am i the only one struggling to connect with my baby?

this is what you expect: this is what you get:

i thought it was time to do another post on this issue after reading some of the replies to this question on thebump.com preemie message board. the issue of bonding and preemieness is SUCH a common one. but i have to say, even i didn't have the courage to talk about it in the first few weeks of wren's little life....

seeing her in that isolette (plastic box), not being able to take care of her (nurses constantly over my shoulder- telling me what to do, and how to do it), constant fear of attachment (there are so many things that could take away this little life), she is so fragile (what if i do something wrong and hurt her?), i feel like she won't love me (look what happened to her! i couldn't even keep her in my womb and care for her like i should have. the guilt is so heavy), there's so much to learn (throw out what i thought i knew about being a mommy, and any tiny bit of security on the subject).

kudos for the mommy who posted the question... that takes courage and honesty- something we should all have more of. (i've chopped them a bit, but hopefully got the intended point across, if you'd like yours taken down or changed just let me know.) here are some of the responses:

"Your body is very likely in panic mode. Your emotions are just on the back burner while you deal with what is essentially an "emergency situation."
- i had never thought about it this way... but it's sooo true... i've often heard that preemie parents can have a form of ptsd. just dealing with all the trauma and loss of pregnancy and stress of baby's (and often mommy's) health is a lot to ask.

"While Zoe was in the NICU, and even once she came home, I was in crisis mode. Letting myself bond with her was a slow process of leaving crisis mode and slowly releasing my fear, worry, and hyper watchfulness for/of my daughter.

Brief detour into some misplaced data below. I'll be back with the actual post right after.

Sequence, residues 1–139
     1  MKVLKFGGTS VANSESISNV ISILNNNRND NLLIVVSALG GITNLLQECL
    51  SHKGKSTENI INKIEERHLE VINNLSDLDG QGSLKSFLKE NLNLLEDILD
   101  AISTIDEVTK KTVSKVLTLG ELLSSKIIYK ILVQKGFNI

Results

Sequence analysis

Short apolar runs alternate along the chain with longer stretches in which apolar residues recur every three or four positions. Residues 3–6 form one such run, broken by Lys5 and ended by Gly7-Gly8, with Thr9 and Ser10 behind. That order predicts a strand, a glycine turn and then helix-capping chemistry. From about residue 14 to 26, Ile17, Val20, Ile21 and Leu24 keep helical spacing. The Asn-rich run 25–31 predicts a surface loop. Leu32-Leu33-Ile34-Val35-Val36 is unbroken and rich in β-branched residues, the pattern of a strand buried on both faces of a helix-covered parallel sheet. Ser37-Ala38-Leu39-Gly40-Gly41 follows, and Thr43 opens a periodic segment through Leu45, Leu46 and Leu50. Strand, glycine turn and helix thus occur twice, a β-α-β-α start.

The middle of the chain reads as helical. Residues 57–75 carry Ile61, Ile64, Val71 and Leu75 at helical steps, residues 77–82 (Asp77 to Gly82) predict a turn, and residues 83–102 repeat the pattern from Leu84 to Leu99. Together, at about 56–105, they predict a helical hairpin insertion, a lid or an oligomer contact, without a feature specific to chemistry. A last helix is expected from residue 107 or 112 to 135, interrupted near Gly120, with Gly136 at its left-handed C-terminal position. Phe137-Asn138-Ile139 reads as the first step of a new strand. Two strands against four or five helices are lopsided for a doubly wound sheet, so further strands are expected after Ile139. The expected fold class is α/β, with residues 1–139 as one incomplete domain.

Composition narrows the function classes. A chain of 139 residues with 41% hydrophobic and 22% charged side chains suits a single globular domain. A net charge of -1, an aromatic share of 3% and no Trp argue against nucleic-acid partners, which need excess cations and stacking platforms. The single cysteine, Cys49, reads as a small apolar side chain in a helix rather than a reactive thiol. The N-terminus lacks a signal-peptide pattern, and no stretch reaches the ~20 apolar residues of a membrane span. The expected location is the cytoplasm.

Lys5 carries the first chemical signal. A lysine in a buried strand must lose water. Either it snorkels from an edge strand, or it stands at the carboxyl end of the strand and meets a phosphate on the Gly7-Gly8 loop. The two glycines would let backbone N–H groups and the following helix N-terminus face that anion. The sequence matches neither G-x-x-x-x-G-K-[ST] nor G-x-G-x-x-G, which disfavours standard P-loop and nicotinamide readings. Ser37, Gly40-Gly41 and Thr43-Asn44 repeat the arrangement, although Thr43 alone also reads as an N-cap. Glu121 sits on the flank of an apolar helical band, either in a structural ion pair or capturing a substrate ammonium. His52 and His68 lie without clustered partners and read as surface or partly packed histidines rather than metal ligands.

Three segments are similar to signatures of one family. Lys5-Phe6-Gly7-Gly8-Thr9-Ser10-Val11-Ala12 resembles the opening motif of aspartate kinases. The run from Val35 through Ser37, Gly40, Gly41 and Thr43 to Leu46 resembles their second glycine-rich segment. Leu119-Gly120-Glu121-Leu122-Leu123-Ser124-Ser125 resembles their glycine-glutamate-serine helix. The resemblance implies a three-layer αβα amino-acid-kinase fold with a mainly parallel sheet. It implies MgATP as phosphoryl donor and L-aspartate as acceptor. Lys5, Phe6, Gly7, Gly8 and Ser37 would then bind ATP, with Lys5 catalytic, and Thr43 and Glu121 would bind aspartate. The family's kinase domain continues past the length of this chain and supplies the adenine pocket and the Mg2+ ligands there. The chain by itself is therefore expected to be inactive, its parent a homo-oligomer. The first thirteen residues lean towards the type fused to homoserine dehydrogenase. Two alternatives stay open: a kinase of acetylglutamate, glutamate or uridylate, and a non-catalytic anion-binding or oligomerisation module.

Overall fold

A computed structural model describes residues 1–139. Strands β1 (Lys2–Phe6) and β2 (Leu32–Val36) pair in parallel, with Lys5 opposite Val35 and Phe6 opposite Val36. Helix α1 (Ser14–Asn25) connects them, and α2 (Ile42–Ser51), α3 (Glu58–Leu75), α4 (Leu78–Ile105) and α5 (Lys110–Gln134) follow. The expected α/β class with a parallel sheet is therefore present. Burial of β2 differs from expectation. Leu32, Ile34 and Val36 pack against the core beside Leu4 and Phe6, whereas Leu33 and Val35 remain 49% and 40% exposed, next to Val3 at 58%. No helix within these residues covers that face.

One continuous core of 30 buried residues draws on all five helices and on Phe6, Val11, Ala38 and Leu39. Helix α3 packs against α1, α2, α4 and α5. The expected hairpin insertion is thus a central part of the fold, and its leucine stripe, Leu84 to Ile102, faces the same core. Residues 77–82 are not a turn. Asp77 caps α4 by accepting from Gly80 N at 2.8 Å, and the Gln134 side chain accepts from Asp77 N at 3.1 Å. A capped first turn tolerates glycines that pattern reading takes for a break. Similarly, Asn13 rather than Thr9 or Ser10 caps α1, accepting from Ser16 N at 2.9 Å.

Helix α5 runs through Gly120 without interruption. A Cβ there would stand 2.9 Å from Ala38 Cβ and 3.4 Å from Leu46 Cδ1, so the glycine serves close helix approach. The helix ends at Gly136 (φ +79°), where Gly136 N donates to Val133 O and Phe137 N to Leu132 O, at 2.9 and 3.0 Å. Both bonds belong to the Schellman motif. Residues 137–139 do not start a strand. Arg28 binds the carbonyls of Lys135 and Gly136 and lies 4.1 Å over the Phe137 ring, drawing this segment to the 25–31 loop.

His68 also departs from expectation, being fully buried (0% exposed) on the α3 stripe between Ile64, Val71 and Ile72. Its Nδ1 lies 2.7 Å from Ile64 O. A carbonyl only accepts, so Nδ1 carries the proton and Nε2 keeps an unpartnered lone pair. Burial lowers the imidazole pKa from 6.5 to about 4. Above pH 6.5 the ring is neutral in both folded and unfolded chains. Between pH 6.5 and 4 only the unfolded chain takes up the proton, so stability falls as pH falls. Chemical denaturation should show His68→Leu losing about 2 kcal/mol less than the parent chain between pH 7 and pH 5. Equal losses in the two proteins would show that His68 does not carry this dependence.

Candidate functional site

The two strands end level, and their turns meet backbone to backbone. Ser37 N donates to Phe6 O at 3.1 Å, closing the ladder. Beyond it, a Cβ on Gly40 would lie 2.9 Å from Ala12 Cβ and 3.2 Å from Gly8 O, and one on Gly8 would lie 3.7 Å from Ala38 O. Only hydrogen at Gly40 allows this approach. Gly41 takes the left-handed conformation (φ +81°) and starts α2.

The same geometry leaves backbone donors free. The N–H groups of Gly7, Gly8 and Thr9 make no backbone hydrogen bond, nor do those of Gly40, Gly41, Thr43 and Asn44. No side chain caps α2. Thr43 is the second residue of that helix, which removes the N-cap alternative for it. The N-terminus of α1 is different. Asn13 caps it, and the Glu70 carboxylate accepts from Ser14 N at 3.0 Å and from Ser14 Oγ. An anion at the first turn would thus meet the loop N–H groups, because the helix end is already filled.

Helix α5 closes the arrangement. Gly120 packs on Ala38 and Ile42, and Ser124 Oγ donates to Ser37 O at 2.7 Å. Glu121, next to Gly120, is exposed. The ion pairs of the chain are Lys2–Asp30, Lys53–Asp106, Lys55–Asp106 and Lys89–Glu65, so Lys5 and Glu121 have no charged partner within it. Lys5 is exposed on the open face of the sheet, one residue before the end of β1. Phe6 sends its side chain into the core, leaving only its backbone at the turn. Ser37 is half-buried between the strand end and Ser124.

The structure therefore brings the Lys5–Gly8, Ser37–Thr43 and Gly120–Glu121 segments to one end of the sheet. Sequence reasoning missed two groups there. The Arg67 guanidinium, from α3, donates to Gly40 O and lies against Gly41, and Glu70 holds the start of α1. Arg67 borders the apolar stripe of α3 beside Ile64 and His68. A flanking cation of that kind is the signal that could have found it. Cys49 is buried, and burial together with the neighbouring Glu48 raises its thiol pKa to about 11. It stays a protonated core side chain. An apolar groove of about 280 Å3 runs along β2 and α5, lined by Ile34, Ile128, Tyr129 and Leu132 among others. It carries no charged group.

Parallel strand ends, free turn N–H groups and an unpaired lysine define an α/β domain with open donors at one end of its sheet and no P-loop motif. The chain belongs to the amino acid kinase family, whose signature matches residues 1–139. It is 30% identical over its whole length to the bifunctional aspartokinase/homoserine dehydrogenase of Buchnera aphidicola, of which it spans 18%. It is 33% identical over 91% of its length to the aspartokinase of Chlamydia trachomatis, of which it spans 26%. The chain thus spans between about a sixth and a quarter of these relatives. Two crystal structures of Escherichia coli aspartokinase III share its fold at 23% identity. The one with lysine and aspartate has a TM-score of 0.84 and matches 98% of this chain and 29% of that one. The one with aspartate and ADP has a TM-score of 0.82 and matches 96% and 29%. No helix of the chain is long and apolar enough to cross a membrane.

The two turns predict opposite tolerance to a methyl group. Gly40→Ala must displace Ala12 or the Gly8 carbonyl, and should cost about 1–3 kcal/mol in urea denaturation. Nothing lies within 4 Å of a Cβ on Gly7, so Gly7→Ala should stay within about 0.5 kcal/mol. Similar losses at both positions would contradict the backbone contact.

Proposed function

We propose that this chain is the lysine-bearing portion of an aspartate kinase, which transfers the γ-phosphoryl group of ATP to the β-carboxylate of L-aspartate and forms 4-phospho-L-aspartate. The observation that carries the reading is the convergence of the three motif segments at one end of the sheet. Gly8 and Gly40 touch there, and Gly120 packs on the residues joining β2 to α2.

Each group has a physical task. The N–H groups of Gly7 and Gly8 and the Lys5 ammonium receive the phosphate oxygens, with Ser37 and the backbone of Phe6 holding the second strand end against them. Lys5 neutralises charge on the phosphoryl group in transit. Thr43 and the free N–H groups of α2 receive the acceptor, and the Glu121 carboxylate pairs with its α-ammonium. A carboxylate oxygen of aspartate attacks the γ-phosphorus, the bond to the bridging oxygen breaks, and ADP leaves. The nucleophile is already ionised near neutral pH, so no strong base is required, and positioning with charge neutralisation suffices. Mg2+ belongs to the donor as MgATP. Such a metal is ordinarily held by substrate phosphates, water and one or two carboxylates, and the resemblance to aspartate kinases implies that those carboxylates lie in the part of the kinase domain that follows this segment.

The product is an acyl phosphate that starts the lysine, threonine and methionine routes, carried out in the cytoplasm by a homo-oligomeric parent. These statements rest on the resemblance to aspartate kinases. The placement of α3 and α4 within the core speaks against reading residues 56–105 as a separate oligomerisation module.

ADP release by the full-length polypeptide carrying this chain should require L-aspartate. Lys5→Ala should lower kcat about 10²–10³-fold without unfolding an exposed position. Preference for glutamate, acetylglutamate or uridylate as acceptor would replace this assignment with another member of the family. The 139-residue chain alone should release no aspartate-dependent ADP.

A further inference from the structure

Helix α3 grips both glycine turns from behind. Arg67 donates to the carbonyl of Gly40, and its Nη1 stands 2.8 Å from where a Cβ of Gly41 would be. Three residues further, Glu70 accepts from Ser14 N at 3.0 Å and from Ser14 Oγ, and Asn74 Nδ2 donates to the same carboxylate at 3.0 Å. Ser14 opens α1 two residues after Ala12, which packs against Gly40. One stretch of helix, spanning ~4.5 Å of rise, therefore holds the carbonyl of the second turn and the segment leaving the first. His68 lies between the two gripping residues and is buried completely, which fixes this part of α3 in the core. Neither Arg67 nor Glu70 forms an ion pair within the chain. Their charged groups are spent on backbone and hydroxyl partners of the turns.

Zoe is my first child and I don't have anything to
compare the process by which I felt bonded to her to. I would say it took many many months and was never a sudden feeling. In all honesty the process is still happening now."
-ditto. i haven't gotten to take wren home yet. but i feel more and more like her mom everyday.

"While in the NICU things that helped for me included (once they would let me do them): kangaroo care as often as they would let me, being there for feedings once we started to nipple her, giving her a bath, changing her diapers myself, and doing other "cares", dressing her and changing out her isolette, and just sitting there reading to her. I was in a different situation, I had only one and no other children at home and I was off work the whole time she was in the NICU. I say those things helped in the NICU and they did, but I didn't feel really really bonded with her until after we were home."
- i can't agree with this mommy more. the only way that i started to feel connected was to care for her, cuddle her, and comfort her. i would add in too that information and actively being part of wren's care helped me feel like a mom. (though i'm sure the docs and nurses hate me for it! :)
as well as being there for proceedures and tests to "contain" her, or soothe her with words or holding a dummy or whatnot.

"Zoey has been home with us since May, and I am just starting to feel like her mom. I feel confident and more connected to the rest of the world, and I think she feels it, too. Be patient with yourself."
- what a great point. you know, being married to a sociology major, i have to bring up social interactionism. (the theory that we see ourselves through other people's eyes.) i hadn't really applied it to preemie mommyhood. but i HATE having baby fat (not much, since my little one only cooked about half of what she was supposed to) and no baby to show for it. i HATE buying baby stuff and being given a gift reciept. i HATE seeing other mommies with their babies and feeling like i'm some sort of three eyed monster who leaves my kid with strangers across town. part of what makes this so hard is being a mom, and no one in the whole wide world realizing it when they see you- you're missing the kid. the other day one of the nurses was laughing about me getting spit up on. i believe i replied something like, "it means i'm holding my baby, my baby's eating, and possibly that i'm feeding her. i can't begrudge the spit up." in essense, it's proof that i'm a mommy. take that skinny girls- i have spit up on my shirt, i'm allowed the gut and gigantic boobs.